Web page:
Thursday, July 29, 2010
In the New York Times, Feisal Mohamed offers a "third way" between Varro and Augustine in matters of religious liberty. Varro distinguished "natural theology" from "civil theology" -- the latter referring to the theology acceptable in public observance -- while Augustine wondered why, if natural theology is truly natural, it should be excluded from the city. Mohamed explains:
Political and religious positions must be measured against the purity of truths, rightly conceived as those principles enabling the richest possible lives for our fellow human beings.
I'm all in favor of pure truths and rich lives, so maybe Mohamed is on to something. Wait a second, though -- how would this work in practice?
The kind of women’s fashion favored by the Taliban might legitimately be outlawed as an instrument of gender apartheid — though one must have strong reservations about the enforcement of such a law, which could create more divisiveness than it cures. The standard of human harmony provides strong resistance to anti-gay prejudice, stripping it of its wonted mask of righteousness. It objects in disgust to Pope Benedict XVI when he complains about Belgian authorities seizing church records in the course of investigating sexual abuse; it also praises the Catholic Church for the humanitarian and spiritual services it provides on this country’s southern border, which set the needs of the human family above arbitrary distinctions of citizenship. The last example shows that some belief provides a deeply humane resistance to state power run amok. To belief of this kind there is no legitimate barrier.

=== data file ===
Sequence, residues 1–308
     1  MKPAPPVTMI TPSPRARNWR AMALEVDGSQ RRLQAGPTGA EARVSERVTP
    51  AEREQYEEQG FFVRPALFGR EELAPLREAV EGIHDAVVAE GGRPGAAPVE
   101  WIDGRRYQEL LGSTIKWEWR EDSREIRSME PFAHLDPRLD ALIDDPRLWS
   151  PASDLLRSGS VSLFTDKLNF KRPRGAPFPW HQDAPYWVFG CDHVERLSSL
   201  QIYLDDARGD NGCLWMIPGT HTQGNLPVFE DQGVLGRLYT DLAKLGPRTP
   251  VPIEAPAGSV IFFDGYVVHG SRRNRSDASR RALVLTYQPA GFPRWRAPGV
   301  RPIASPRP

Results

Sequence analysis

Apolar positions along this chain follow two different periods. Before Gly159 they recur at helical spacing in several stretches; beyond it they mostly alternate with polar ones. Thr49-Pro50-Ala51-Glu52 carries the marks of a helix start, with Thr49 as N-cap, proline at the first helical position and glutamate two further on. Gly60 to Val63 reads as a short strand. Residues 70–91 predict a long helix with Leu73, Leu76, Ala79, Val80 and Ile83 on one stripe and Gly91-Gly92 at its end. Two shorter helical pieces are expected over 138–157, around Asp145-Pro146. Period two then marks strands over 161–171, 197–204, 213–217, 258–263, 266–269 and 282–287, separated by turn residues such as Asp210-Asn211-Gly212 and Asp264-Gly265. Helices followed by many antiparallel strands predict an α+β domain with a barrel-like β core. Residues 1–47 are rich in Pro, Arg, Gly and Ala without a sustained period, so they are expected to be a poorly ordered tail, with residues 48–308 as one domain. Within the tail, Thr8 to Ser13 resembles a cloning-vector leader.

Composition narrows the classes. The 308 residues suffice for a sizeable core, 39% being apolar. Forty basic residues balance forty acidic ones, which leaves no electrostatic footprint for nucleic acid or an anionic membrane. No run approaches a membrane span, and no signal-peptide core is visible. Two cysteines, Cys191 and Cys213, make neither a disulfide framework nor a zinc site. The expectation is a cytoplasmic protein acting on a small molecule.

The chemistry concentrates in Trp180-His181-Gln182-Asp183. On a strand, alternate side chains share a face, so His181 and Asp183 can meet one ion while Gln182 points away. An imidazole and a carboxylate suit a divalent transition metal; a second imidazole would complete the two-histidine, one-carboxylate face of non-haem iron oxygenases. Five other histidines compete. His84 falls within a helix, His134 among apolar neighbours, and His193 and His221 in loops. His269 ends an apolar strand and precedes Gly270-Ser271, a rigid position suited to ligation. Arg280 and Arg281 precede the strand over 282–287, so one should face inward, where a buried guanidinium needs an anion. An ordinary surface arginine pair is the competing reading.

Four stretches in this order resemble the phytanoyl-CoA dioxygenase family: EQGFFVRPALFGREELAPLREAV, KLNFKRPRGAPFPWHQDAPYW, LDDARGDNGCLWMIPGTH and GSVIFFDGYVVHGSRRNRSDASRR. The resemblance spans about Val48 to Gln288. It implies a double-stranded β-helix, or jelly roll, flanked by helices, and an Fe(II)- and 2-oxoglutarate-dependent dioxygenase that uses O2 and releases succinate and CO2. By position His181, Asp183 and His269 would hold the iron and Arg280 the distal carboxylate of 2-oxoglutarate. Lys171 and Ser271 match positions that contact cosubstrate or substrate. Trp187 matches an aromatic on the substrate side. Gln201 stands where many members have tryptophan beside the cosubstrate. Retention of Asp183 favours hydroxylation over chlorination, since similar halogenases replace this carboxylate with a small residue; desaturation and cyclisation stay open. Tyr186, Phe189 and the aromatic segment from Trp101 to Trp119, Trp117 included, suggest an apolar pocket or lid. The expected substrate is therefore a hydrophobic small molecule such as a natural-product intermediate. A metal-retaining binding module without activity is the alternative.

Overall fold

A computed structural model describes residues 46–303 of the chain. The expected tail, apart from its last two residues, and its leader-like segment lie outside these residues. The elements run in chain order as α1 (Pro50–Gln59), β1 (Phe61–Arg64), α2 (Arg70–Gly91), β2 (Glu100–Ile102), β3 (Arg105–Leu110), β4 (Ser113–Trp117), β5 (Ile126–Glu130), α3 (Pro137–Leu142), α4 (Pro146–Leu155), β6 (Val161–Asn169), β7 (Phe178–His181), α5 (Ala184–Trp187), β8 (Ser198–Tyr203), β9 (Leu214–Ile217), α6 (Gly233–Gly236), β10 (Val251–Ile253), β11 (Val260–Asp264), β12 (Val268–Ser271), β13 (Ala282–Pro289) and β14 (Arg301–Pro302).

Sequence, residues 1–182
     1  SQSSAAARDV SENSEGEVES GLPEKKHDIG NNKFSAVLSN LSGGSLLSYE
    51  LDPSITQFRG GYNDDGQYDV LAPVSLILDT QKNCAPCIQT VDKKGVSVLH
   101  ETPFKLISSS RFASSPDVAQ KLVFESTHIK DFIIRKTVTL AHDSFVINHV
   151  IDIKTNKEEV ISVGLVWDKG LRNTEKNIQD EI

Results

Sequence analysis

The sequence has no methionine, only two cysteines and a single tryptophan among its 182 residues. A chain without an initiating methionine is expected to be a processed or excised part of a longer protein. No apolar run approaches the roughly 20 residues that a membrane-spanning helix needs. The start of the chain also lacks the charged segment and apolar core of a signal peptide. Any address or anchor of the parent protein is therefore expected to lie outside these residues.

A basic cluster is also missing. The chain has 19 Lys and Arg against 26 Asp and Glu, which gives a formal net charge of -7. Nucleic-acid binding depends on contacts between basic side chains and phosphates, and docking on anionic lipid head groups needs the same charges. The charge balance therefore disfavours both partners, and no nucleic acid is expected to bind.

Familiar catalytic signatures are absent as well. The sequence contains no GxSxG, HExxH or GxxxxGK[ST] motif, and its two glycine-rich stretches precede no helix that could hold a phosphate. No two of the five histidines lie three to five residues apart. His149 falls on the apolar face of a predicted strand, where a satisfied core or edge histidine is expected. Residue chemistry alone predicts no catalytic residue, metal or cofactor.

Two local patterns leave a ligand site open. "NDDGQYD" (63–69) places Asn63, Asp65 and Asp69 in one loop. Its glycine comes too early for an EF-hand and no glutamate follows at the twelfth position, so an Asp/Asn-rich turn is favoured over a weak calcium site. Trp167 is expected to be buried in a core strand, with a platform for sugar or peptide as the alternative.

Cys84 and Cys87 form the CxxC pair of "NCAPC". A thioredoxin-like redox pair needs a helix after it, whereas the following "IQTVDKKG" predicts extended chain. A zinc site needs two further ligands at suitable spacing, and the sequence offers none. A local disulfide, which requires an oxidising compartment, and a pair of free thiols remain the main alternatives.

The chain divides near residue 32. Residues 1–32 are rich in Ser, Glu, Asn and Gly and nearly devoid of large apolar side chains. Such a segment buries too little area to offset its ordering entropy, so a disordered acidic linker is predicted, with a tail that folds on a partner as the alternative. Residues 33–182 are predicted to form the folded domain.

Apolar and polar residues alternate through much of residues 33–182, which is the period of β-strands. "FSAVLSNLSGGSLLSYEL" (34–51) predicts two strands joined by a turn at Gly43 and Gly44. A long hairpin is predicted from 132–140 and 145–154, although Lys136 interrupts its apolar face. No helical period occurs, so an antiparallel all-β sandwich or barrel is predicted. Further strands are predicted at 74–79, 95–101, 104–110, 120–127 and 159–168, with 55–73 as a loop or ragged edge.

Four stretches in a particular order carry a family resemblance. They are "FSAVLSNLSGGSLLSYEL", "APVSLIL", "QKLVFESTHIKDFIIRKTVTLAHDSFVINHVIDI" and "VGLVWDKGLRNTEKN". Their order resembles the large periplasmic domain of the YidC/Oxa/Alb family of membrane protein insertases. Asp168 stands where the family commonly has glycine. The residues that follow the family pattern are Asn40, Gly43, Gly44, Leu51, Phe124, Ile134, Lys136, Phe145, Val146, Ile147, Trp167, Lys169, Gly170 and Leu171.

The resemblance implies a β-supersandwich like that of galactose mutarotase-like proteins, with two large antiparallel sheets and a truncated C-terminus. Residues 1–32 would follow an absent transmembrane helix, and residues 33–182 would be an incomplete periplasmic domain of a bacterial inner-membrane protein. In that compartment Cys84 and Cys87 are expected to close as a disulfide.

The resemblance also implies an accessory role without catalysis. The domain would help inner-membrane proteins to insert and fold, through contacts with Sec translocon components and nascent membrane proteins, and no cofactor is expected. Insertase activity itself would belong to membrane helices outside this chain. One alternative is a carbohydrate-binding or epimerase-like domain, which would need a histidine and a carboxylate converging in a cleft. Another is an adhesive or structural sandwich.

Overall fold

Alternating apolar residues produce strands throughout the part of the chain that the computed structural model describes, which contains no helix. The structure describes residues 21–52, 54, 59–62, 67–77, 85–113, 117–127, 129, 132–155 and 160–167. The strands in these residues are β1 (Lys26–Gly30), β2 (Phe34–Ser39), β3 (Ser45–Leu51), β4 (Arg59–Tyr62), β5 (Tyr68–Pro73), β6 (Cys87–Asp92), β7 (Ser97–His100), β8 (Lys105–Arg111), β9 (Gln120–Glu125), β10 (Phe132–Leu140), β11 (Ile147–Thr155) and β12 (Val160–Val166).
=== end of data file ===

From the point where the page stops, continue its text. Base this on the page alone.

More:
What a solution! I'm not sure how this "third way" is different than Varro's "civil theology," except that the definitional content built into the "civil" requirement amounts to the World As Your Humble Author Thinks It Should Be.